South Fork Gualala

OverviewValley Crossing

The 64 square mile South Fork Super Planning Watershed (SPW) drains 21% of the watershed through 140 miles of streams.

The Ft. Ross-Cazadero Road spans the ridgeline which defines the southern boundary and the headwaters of the South Fork.  From that point the South Fork flows northwest, encounters the San Andreas Fault Zone, and continues along the rift zone until it it meets the North Fork Gualala and makes a left turn towards the Pacific Ocean.

During the mid to late 1950s throughout Wild Cattle and Palmer canyons (upper South Fork) the coniferous forests were removed during an area-wide conversion with the intent to maintain a permanent conversion for grazing use.

Two large fires have burned through the headwaters of the South Fork causing the further removal of the coniferous forest. The Charles Fire in 1954 burned 10,000 acres, and following the same path as the Charles Fire, in 1978 the Creighton Ridge Fire burned 12,000 acres.

Current Condition

South Fork ValleySalmonids use the lower South Fork and the Gualala main-stem as a corridor to and from watershed tributaries.

In the winter you will find adult salmonids holding in deep pools waiting for the water levels to rise so they can swim up the tributaries to spawn. Juvenile salmonids use this same stretch of the river, swimming down from the headwaters to smolt and head out into the Pacific Ocean.

Stream temperatures in the basin are suitable to moderately suitable for steelhead but are high for Coho rearing in most areas, a few exceptions exist in the lower South Fork; Groshong Gulch, Big and Little Pepperwood and in the Upper South Fork; Wild Hog, Carson and Camper Creeks.

Monitoring Findings

Carson Creek Monitoring siteBetween 1998 and 2011, twenty-five (25) surveys were completed at five (5) reaches in the South Fork watershed. The reaches are located on the South Fork Gualala (217, 402), Big Pepperwood Creek (218), Carson Creek (631), and McKenzie Creek (615). Sites 217 on the South Fork and 218 on Big Pepperwood Creek are reference reaches and are monitored regularly.

Three reaches within the lower sub-watershed have subsequent surveys from base year monitoring and can be evaluated for changes in thalweg elevation and pool formation. The South Fork reach (217) is above the confluence with North Fork and the South Fork reach (402) is above the confluence with the Wheatfield Fork. Thalweg elevation and pool formation appears to be stable.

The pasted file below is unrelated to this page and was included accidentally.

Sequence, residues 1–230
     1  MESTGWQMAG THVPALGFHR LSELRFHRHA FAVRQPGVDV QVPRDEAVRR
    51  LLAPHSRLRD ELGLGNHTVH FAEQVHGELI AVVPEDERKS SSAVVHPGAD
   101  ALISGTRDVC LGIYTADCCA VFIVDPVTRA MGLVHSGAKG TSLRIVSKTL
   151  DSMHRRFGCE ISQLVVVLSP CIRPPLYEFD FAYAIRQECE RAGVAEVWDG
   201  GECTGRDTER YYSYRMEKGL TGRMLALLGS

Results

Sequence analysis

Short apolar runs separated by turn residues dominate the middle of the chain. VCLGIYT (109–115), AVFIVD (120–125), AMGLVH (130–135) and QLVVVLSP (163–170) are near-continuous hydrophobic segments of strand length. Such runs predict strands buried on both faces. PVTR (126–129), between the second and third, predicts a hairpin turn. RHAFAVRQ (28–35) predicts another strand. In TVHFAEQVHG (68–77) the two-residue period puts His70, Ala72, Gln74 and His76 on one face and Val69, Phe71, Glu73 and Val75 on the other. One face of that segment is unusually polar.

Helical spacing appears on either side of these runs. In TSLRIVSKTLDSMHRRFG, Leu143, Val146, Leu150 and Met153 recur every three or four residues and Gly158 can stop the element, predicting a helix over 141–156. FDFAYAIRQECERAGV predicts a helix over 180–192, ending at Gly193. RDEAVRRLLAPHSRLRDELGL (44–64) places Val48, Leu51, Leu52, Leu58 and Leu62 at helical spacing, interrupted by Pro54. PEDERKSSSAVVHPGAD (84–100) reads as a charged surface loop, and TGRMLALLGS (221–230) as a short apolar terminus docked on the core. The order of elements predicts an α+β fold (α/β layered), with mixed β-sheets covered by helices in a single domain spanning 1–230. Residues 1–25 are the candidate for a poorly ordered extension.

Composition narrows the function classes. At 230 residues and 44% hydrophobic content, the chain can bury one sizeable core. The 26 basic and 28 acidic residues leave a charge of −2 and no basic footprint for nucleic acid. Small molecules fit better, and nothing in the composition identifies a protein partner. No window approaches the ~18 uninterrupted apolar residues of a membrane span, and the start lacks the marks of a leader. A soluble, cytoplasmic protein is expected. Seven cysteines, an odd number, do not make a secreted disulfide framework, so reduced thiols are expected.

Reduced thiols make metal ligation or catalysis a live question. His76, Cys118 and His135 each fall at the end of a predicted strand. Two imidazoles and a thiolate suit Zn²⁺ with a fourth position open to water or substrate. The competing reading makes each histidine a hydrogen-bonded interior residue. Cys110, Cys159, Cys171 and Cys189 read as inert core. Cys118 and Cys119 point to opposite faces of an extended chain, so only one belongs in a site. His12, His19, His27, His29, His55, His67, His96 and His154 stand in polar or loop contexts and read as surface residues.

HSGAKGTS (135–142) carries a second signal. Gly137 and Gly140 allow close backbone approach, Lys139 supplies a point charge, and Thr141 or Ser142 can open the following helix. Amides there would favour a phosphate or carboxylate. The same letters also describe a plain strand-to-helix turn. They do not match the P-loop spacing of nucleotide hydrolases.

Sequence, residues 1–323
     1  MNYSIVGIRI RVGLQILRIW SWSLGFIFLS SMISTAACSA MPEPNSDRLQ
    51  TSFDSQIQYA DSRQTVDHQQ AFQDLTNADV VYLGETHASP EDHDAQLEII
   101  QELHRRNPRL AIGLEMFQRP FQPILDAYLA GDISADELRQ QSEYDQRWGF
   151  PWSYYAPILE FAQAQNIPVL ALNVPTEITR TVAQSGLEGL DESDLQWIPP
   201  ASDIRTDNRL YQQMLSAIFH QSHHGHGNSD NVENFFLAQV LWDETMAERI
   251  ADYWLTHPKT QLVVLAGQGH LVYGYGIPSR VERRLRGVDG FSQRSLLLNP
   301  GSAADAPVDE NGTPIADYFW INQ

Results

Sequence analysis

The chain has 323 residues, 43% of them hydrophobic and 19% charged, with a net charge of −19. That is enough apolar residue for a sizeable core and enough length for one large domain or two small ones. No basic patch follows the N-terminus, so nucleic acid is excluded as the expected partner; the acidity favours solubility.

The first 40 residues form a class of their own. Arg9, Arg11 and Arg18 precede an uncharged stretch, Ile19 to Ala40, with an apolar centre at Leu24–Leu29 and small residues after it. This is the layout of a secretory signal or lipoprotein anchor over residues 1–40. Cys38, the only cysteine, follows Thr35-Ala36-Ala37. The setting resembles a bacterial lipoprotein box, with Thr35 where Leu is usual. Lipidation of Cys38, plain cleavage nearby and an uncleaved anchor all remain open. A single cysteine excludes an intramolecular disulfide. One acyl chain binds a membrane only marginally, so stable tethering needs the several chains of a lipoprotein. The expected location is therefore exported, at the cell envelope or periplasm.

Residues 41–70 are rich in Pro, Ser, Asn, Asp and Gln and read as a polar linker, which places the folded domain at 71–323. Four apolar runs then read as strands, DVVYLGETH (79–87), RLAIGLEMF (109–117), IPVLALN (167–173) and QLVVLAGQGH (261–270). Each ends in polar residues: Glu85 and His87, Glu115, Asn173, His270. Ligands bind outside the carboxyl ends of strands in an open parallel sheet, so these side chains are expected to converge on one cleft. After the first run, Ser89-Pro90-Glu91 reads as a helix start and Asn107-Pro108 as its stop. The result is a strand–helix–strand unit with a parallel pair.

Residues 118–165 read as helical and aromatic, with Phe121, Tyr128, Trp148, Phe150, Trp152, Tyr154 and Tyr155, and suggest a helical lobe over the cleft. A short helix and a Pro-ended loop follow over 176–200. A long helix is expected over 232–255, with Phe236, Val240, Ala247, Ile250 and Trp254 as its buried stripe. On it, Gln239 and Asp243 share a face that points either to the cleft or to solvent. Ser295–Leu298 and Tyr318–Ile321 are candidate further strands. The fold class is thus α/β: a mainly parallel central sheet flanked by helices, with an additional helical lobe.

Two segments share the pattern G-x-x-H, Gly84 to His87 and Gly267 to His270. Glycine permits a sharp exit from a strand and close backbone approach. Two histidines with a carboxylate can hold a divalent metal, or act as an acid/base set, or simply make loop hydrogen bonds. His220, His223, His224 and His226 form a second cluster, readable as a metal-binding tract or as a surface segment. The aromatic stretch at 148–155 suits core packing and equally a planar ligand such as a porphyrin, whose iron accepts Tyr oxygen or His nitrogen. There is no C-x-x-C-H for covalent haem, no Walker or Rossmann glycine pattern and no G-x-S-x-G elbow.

Big Pepperwood reach (218), monitored annually since 2002, is part of the Wood In the Stream Program and 37 logs and root wads (6151 cubic feet) have been placed in the reach. Thalweg elevation response has been a decrease of 1.39 ft. since 1998 and pool formation and depth has continued to increase since wood placement.

Carson Creek (631) and McKenzie Creek (615) are in the headwaters of the South Fork. Base Year surveys show good channel diversity and canopy density but a lack of abundance of deep pools and large wood.


In the lower South Fork the National Marine Fisheries Service (NOAA) designated the Big Pepperwood planning watershed as a Core area for restoration and in the headwaters; Upper Marshall Creek, Lower Marshall Creek and the Upper South Fork are designated as Phase I planning watershed for restoration.

Placing a rootwad into Little Pepperwood CreekRoad restoration is complete in the Pepperwood and Groshong watersheds and both are part of the Wood In the Stream program where 95 logs and rootwads have been placed to increase salmonid habitat.

In the Upper Marshall and Upper South Fork planning watersheds 22 miles of road have been upgraded by the Gualala Ranch and Sea View communities.

Restoration in the upper South Fork has included both upslope forest management and in-stream restoration on the South Fork by Ft. Ross Restoration, a grass-roots organization from the Gualala Ranch.

Land use

Vineyard ProductionOverall the landscape of the South Fork SPW is 73% forest, but it varies from a dense redwood forest along the main-stem of the South Fork to an open hardwood and grassland composition in the south. Along the 64 miles of the South Fork Gualala riparian conditions change from a 90% redwood forest in the north to a 30% mixed conifer stand in the south.

Vineyards in the watershed are primarily confined to Upper Marshall, Lower Marshall and the Upper South Fork planning watersheds. Five hundred and nine (509) acres or 1.25% of the South Fork SPW are in vineyard production with the highest concentration in the Lower Marshall Creek PW.

Gualala Redwoods and Bed Rock, Inc. are permitted to remove aggregate from river bars in the lower South Fork between Valley Crossing and the confluence of Big Pepperwood Creek. Mitigations include the funding of large wood placement in the Pepperwood Creeks (Big and Little) and Groshong Gulch along with the excavation of side-channel alcoves that provide cool water refugia for young salmonids.

South Fork CalWater Planning Watershed Information
Planning Watershed Acres Stream Miles Road Miles Roads per Sq. Mile Current Temperature Sites Monitoring Reaches Proposed Monitoring Reaches Installed
Pepperwood Creek
6531 22 84* 8.3 10 3 2
Mouth of
Gualala River
5305 13 67 8.2 4 2 1
South Fork
7910 24 44 3.6 0 1 0
South Fork
8403 27 57 4.4 1 5 0
Marshall Creek
6016 22 35 3.8 0 2 0
Marshall Creek
6619 26 41 4.0 7 4 2
SF Total 40784 134 328** 5.2 22 17 5

*High and medium priority roads are upgraded. Funding provided by the landowner, Gualala Redwoods, Inc. and the California Department of Fish and Game FRGP Program.

**Overall 27% of the watershed's roads have been upgraded.

Vineyard cultivation
Placing rootwads in Little Pepperwood Creek
Carson creek in the headwaters of the South Fork
Looking south from Scaggs Springs road above the South Fork
The South Fork at Valley Crossing